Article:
Twice a Daughter

A Search for Identity, Family, and Belonging

Non-Fiction - Memoir
332 Pages
Reviewed on 11/02/2021
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Author Biography

Julie Ryan McGue is an identical twin and an adoptee. Her writing centers on finding out who you really are, where you belong, and making sense of it.

In May 2021, Julie’s memoir Twice a Daughter: A Search for Identity, Family, and Belonging released and immediately became the #1 New Release in Family & Personal Growth on Amazon. Since its debut, Twice a Daughter, has received four major books awards.

Julie writes a weekly blog and a monthly column called: That Girl This Life. Her work has been featured on Brevity Nonfiction Blog, Lifetime Adoption Adoptive Families Blog, Severance Magazine, Adoption & Beyond, Adoption.com, and The Imprint e-magazine.

Julie has a degree in Psychology from Indiana University and a Masters in Marketing from The Kellogg Graduate School of Business, Northwestern University. She has served multiple terms on the Board of the Midwest Adoption Center and Benet Academy College Prep High School.

She and her husband split their time between NW Indiana and Sarasota. Julie is currently working on a collection of personal essays and a second memoir.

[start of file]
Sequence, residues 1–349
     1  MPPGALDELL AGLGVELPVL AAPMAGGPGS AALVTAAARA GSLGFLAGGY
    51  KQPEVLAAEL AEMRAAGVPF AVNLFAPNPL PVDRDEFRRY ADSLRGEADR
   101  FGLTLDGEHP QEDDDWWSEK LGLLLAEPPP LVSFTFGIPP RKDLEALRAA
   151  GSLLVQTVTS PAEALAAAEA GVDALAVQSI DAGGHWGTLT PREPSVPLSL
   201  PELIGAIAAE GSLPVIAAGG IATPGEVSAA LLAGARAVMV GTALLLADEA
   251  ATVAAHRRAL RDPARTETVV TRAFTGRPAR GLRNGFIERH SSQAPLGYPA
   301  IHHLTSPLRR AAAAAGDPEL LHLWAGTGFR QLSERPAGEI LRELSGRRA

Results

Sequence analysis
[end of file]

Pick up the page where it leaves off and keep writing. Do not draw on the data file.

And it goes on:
Follow her at www.juliemcgueauthor.com.

    Book Review

Reviewed by Tammy Ruggles for Readers' Favorite

The award-winning Twice a Daughter: A Search for Identity, Family, and Belonging by Julie Ryan McGue is a compelling, poignant memoir about the search for truth and belonging. The premise is right out of a Lifetime movie. The author is a twin who is adopted, but the adoption was closed, meaning that the records are sealed and she can't find the details surrounding her adoption or birth parents. But she desperately needs to know her health history at age forty-eight when dealing with a biopsy. This prompts the twins (her sister's name is Jenny) to find out together. They decide to talk to their adoptive parents, who don't like the idea of them learning of their birth history. Things get a little more complicated when they enlist the help of a search agency, a private investigator, the court system, and a genealogist. What would seem to be a simple process of unearthing records turns into a revelation of secrets and lies, with the truth being closer than they realized.

At some point in our lives, our minds and hearts turn toward our origins: Who are we, where do we come from, what were our ancestors like? Imagine yourself in your late forties, sick, and in need of your medical records, but you don't have access to them due to a closed adoption. What determination and resilience would it take for you and your twin sister to prevail? As you read this awesome journey, you will feel the emotional ebb and flow of the author's story, the emotions experienced by the twins, the disappointments, and the surprise twist. McGue uses dashes of wit to balance the somber notes. And, besides the compelling subject matter, she is a natural storyteller. Being a former social worker, I know how difficult it can be for adult children of adoption to uncover their origins, so this book can serve as a great advocacy tool as well as a thoroughly engaging autobiography. If you like memoirs that can move as well as inform, you have to read Twice a Daughter: A Search for Identity, Family, and Belonging by Julie Ryan McGue.